Prozac for Reducing Relapses in Anorexia Nervosa?

Before we analyze the data you should read about the study.

Note that the language used below very closely agrees with the language of the article.

By and large the question is: Do patients on prozac have a greater likelihood of maintaining weight and reducing depression or obsessions about losing weight than do patients on placebo? We have 35 subjects, each is randomly allocated to one of two treatment groups (placebo, prozac). Before the study was conducted the experimenters identified important parameters and relevant hypotheses. Let p1 be the proportion of persons on placebo who maintain weight and reduce depression or obsessions about losing weight; let p2 be the proportion of persons on prozac who maintain weight and reduce depression or obsessions about losing weight. The researchers wish to determine how much evidence there is in favor of the claim p1<p2. This statement becomes the alternative (research) hypothesis. The null hypothesis (hypothesis of no difference) has the two proportions equal. Then, in formal terms,

H0: p1 = p2 HA: p1 < p2

We estimate p1 and p2 with the respective observed proportions

Where'd these numbers come from? Note the unequal sample sizes. This is most likely due to subjects dropping out of the study.

Your textbook undoubtedly has a section covering "comparing two proportions." The method used in that section (the two-sample Z test) is not appropriate for this data. Reason: the relatively small sample sizes. If you look carefully at the text's treatment of this subject you will find criteria that must be established before using the text's formula. . .one of which will be violated by this data. Most texts frame the criteria "The observed numbers of successes and failures for each group must be at least 5." Here, the observed number of successes in the placebo group is 3--too small.

Your textbook's method is an approximation to the method that is used in practice (an approximation that works quite well when the criteria for using it are satisfied). The "real method" is not presented in textbooks because it is somewhat more complicated computationally. However, the idea is similar. The method I describe below is Fisher's exact test.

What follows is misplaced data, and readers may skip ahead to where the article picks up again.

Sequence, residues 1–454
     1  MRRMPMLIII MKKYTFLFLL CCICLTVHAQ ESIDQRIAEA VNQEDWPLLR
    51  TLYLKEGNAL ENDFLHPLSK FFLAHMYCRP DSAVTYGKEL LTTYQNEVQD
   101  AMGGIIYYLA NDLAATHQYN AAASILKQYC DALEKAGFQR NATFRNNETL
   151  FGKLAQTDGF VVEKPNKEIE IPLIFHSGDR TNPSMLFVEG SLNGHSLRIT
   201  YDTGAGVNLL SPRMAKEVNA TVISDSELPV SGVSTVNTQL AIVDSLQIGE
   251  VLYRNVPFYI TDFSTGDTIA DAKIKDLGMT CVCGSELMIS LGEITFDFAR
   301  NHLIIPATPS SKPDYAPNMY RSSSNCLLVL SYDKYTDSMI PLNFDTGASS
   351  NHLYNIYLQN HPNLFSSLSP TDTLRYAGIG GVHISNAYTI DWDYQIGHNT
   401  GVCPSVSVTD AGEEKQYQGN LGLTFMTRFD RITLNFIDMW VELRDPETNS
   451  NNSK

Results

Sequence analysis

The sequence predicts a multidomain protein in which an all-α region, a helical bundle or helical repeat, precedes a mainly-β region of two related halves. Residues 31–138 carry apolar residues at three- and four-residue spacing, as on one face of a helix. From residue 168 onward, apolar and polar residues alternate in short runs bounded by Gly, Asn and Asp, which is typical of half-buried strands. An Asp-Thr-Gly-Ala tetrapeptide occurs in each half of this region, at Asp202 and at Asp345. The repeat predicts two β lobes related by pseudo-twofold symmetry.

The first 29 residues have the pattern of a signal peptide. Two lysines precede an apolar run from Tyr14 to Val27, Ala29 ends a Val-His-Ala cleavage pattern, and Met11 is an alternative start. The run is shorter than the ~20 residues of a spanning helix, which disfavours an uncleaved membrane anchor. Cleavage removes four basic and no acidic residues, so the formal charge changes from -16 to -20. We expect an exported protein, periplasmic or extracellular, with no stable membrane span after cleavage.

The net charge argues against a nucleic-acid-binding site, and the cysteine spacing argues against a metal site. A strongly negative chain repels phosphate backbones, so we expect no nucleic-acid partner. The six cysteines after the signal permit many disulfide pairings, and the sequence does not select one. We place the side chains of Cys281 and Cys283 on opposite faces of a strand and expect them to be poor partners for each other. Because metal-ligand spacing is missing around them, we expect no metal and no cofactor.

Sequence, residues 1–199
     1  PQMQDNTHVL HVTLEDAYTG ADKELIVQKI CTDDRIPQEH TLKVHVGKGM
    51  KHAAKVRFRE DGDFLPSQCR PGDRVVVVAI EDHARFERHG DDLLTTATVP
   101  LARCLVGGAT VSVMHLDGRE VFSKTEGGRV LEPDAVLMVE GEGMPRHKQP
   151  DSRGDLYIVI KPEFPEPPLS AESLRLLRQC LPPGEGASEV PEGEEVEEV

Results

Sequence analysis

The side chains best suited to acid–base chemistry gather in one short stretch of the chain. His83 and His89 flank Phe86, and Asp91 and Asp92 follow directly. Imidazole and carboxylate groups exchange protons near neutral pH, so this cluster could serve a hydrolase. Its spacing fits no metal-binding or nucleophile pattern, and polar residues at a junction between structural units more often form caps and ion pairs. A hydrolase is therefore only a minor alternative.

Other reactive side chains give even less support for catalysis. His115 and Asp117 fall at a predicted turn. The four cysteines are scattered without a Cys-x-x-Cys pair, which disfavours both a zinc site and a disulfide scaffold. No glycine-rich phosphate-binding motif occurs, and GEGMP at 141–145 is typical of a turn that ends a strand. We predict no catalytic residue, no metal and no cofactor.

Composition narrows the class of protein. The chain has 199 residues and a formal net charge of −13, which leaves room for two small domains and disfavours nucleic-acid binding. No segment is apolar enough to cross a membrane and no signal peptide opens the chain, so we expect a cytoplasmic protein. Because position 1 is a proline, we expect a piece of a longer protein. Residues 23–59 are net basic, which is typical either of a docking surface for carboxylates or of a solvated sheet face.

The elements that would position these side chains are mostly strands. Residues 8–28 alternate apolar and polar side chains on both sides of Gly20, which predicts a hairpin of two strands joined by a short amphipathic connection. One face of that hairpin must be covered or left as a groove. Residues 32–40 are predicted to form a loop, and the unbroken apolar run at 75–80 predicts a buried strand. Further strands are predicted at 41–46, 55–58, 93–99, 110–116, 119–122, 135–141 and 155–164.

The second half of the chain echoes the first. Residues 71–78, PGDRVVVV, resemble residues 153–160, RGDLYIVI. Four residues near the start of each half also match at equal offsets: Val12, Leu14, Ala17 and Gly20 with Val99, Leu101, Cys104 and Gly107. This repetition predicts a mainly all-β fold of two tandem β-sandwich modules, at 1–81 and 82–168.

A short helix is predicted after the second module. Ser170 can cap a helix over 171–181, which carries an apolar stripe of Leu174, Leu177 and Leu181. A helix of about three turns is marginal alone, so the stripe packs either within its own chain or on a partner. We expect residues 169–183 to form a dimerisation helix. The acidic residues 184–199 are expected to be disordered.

We note that 13 of 35 people "maintained." Suppose (playing the devil's advocate) that the prozac has no effect and that, in fact, 13 of the 35 people were destined to maintain. How likely is it that 10 or more of these 13 would be randomly allocated into the prozac group? This probability is the P-value or observed significance level (OSL) for the test. My calculations (I suspect they're correct) obtain P-value = 0.0417 (about 1 in 24). In fact, Fisher's exact test results in an exact P-value; 61,634,860/1,476,337,800 which, to the nearest 0.0001 is 0.0417.

If the null hypthesis is in fact true and the experiment is replicated there is a 1 in 24 chance of obtaining results at least as favorable to the alternative hypothesis as is the observed result (10 of 13 maintainers in the prozac group of 19).

The result is statistically significant at level 0.05--but just so. The result is not statistically significant at level 0.01. I would conclude that while there is evidence in favor of the alternative hypothesis (that the likelihood of maintaining is greater when prozac is used) the evidence is not irrefutably strong, and that more investigation should be done before using prozac as a treatment for relapses in anorexia.

Finally. . .before accepting the results of this study there are a number of issues that should be examined. Can you think of any?